by Sr Nunother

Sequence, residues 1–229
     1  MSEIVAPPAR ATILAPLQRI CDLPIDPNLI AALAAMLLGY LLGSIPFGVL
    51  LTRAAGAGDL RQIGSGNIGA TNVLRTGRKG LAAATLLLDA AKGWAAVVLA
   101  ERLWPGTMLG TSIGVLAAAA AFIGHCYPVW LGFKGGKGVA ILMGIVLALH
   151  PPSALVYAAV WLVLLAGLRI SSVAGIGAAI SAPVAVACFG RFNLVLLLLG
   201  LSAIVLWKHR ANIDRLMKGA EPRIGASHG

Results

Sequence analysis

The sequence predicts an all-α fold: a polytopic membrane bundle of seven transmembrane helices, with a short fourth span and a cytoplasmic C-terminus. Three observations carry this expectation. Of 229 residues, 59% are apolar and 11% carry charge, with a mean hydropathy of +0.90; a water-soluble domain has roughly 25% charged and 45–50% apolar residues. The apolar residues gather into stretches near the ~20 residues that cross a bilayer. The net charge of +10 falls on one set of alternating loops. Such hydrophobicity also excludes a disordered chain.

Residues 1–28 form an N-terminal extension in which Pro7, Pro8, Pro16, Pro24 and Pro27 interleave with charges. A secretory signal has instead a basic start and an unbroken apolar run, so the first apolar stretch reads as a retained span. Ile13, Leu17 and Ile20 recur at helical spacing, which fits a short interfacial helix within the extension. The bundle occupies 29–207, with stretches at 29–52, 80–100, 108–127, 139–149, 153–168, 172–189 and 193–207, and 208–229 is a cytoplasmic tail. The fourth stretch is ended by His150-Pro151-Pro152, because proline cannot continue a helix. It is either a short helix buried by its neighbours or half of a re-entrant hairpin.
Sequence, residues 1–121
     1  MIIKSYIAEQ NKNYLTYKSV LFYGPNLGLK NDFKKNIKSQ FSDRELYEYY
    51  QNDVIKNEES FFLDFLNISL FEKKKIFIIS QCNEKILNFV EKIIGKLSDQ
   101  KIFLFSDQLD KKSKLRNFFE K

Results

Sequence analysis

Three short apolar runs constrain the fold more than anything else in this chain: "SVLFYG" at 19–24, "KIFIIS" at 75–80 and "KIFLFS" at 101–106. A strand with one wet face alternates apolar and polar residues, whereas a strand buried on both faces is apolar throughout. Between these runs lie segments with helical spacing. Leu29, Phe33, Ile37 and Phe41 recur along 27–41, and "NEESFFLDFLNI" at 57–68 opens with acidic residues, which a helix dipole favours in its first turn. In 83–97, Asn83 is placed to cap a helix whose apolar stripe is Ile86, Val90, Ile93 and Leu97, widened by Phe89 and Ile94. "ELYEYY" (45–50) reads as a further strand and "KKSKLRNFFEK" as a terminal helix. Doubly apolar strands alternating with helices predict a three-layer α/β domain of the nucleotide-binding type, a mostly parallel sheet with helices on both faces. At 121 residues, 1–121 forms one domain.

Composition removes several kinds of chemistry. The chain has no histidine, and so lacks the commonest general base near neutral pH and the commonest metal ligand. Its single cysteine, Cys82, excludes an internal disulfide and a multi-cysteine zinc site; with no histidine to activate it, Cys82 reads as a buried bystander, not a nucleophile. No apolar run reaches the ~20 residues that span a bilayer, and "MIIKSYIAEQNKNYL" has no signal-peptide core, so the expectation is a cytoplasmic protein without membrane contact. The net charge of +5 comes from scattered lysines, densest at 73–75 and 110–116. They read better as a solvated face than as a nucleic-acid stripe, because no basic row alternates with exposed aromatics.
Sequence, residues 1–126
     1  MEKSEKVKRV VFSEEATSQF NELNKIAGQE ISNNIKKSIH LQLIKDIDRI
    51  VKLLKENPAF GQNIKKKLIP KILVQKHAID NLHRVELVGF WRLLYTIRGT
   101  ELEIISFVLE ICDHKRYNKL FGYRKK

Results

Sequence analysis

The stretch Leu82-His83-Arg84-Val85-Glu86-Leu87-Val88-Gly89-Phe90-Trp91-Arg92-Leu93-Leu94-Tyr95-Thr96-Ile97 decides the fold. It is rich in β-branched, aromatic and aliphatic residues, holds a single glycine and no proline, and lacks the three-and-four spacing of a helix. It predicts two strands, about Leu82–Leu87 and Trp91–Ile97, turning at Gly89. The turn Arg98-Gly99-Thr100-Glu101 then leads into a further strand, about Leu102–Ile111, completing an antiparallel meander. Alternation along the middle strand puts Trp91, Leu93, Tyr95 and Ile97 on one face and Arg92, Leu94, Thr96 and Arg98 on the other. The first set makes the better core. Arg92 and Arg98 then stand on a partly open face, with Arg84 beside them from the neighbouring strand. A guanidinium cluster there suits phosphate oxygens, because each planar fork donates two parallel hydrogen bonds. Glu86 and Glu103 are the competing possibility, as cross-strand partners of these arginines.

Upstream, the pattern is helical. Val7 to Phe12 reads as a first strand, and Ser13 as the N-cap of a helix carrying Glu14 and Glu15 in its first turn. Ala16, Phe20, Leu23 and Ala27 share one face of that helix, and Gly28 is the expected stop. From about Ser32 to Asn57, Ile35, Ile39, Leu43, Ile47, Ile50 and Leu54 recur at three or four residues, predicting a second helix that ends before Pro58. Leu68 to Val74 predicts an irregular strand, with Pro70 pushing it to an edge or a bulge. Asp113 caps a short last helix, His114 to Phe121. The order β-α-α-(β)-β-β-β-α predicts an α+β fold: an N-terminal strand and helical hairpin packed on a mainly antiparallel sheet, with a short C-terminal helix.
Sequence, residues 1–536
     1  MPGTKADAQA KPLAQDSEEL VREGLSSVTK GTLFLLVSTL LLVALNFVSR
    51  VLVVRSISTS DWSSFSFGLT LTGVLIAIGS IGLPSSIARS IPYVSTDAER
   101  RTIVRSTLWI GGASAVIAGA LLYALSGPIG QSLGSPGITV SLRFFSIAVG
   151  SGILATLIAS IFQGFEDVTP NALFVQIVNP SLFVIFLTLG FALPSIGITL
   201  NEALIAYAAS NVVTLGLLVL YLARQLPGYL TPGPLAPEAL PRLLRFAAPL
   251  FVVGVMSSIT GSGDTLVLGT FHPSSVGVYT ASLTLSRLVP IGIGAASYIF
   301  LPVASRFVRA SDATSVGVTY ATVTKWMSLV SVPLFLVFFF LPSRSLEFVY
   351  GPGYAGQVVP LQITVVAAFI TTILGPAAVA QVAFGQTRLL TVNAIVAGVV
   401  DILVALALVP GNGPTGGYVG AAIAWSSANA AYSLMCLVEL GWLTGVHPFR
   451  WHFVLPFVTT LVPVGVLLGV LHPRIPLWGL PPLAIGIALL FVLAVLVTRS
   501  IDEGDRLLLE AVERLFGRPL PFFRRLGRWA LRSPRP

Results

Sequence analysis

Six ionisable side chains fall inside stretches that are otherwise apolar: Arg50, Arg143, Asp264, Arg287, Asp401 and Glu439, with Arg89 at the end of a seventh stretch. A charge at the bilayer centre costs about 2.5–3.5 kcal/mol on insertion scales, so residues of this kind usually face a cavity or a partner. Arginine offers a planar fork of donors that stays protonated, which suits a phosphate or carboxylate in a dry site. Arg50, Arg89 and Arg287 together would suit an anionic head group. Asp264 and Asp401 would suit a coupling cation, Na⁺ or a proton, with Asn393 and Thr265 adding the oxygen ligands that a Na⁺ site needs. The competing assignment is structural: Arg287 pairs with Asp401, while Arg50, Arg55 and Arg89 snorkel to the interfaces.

I’m not much of a cook. Not much as in “what do you like in your omelet?” There are many cooking and baking opportunities in and around the Convent, and I want to participate. When I’m part of a Sunday night dinner team, I faithfully show up and am inevitably assigned to table setting because I do a nice job. Or pre-dinner dishes — another place I excel. The past four Saturday mornings, I’ve been part of a team preparing food products for our upcoming Advent Festival. I began by braiding Saint Lucia bread in an assembly line and slowly but surely — sort of like the bread — I found myself at the end of the line putting baking sheets on baking pans. I’d place three loaves of bread just so, and transport them to and from the ovens. The following week I was on apple jam making and was introduced to a deluxe apple peeler. I spent several minutes trying to make it stick to the counter, as my two partners gathered the ingredients without me. I patiently twirled the handle of my apple peeler, then chopped with precision as they discussed how much pectin, cinnamon, and nutmeg to use, and what constitutes a rolling boil. I received kudos for my size-perfect apple pieces and can verify this, because not wanting to be wasteful, I ate the ones that weren’t. I twirled and chopped for the next one and a half Saturday mornings, then got my big break: putting together apple streusel pies with two wonderful pastry chefs. We completed a few pies and I was asked to bag them for freezing. The chefs suggested I stick with bagging as I did a great job (evidently it usually takes two people per pie). Is there a hidden message here? Is that self-pity I’m feeling? Our baking supervisor happened by and said these magic words, “You’re a blessing, just quietly working away at whatever job you’re given.” Me a kitchen blessing?? Is she confusing quiet with sulking?? Perhaps I’m not called to be a chef, pastry or otherwise. Perhaps I’m called to chop, bag, and put labels on jars. And if that’s what’s needed, it should be quite enough.